• Where do you raise the puppies? Have the breeder show you the kennel area when she shows you the puppies. If the breeder brings out individual puppies and won’t show you where they live, find another breeder.

  • May I see the pedigree and registration form? If you’re thinking of showing your Bully, a pedigree ensures that you are getting a purebred Bulldog.

  • Will I receive a health record? Your breeder provides a health record with each puppy, showing what vaccinations have been given, and the dates the puppies were wormed.

  • How old are the puppies? A puppy needs to stay with his mother and siblings until he is at least seven weeks old. If the breeder is selling younger puppies, find another breeder.

  • What happens if I can’t keep the dog? Most reputable breeders will take back any dog of their breeding at any time.

Identifying Items Poisonous to Your Bulldog

Many common household items are poisonous to Bulldogs. You may think that your Bulldog can’t reach or find the items in the following lists, but check your cupboards to make sure. It’s amazing what Bulldogs can get into, and what they find they tend to eat. Keep your Bulldog safe!

Drugs and supplements

  • Acetaminophen

  • Amphetamine

  • Antihistamines and decongestants

  • Aspirin

  • Cocaine

  • Iron

  • Marijuana

  • Nonsteroidal Anti-inflammatory Drugs (NSAIDs)

  • Sodium phosphate enemas

  • Tricyclic antidepressants

  • Zinc

Insecticides, pesticides, and podenticides

  • Amitraz

  • Anticoagulant rodenticide

  • Arsenic

  • Borate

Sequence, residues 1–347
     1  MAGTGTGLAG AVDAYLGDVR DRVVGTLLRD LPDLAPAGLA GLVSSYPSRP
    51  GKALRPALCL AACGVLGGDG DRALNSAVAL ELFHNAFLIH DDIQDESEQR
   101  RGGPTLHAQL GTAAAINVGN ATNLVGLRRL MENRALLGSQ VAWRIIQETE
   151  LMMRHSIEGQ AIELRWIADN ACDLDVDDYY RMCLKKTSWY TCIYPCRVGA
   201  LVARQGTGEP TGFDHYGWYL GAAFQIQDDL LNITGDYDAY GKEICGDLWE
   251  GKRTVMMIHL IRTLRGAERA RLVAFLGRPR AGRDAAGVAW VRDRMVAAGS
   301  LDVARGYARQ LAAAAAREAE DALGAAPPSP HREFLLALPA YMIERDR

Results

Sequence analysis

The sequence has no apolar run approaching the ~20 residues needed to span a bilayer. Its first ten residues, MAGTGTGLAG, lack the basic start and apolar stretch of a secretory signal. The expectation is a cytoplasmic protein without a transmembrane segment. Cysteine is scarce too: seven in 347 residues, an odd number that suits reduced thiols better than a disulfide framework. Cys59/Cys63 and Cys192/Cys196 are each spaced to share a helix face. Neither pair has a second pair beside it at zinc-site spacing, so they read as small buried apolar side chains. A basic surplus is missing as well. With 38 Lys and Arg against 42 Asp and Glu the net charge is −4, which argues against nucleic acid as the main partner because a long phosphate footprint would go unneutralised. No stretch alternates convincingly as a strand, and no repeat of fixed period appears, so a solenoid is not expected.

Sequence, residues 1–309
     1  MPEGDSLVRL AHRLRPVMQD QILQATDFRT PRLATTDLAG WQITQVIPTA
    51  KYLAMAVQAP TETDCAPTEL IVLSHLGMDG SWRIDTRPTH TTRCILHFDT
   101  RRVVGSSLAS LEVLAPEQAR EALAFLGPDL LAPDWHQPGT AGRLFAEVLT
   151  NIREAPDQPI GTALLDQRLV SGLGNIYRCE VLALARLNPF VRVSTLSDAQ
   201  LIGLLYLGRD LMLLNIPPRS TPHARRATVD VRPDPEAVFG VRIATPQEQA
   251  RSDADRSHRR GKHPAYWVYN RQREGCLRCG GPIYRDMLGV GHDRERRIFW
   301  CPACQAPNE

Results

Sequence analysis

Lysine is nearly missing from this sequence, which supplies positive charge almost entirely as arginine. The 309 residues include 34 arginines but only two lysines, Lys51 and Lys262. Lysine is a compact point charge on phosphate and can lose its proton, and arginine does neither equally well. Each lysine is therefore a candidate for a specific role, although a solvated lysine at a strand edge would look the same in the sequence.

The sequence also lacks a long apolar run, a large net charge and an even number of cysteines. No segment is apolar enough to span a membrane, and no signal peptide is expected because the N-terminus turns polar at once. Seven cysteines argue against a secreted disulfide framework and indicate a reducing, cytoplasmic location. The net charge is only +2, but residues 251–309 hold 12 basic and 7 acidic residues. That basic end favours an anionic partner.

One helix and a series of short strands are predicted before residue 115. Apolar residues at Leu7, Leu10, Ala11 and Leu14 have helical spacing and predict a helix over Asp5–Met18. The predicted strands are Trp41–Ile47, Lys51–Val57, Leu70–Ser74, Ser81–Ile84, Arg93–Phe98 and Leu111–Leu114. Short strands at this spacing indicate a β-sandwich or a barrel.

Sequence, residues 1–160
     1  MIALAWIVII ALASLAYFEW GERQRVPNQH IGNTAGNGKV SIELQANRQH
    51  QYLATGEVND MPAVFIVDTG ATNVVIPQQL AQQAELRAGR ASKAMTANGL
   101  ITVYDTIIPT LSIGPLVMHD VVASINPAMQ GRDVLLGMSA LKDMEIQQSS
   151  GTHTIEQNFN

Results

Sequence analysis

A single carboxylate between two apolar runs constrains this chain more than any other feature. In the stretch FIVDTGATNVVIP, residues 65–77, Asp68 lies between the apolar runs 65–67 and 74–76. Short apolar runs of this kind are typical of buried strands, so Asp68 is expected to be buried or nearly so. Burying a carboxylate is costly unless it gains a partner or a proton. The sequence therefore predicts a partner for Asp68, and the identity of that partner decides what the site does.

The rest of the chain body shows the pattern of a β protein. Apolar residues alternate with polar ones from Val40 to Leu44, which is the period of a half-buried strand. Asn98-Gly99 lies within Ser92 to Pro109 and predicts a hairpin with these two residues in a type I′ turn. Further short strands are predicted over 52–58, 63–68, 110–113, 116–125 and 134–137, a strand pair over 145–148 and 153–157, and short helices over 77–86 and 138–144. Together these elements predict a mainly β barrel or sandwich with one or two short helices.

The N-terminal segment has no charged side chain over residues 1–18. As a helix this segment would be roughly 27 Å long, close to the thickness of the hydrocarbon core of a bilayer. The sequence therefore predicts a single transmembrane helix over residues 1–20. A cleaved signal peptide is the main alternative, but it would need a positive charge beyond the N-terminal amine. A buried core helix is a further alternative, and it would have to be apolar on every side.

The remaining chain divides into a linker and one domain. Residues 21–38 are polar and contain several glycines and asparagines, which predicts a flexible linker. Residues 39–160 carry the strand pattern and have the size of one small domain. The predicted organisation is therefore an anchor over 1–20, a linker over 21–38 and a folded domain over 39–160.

• Bromethalin

  • Cholecalciferol or Vitamin D rodenticides

  • DEET

  • Ivermectin (Avermectins)

  • Organophosphates and carbamates

  • Pyrethrin

  • Rotenone

  • Strychnine

  • Zinc-containing rodenticides


  • Chocolate and caffeine

  • Garlic

  • Grapes/Raisins

  • Macadamia nuts

  • Mushrooms

  • Onions

Household items

  • Acids

  • Alkalis (Corrosives)

  • Antifreeze

  • Arsenic

  • Borate

  • Bleach

  • Button batteries

  • Citrus oils

  • Detergents

  • Ethylene glycol

  • Iron

  • Isopropanol

  • Kerosene and gasoline

  • Lead

  • Mercury

  • Metaldehyde

  • Moth balls

  • Phenol and phenolic compounds

  • Pine oils

  • Zinc

The Peteducation Web site has a complete list of foods to avoid and the reasoning, and the many and varied plants that can do your dog harm.

How to Recognize Emergency Situations for Your Bulldog

You want to keep your Bulldog happy and healthy, so you have to pay attention to her health issues. A fast trip to your veterinarian or local pet hospital is necessary if any of the following situations occur:

  • Your Bulldog has been injured in any way. Some injuries aren’t as bad as they look, but don’t take any chances.

  • Elevated temperature and heavy breathing may mean that your dog is experiencing heat stroke.

  • Your Bulldog vomits or has diarrhea for 24 hours. Take her to the vet before the condition gets worse!

  • Your Bulldog refuses to eat for 24 hours. Your Bulldog may be telling you that something is seriously wrong.

  • You think that your Bulldog has eaten anything poisonous. When taking your Bulldog to the vet, be sure to take along a sample of what you think she ate, so the vet will know exactly how to treat your dog.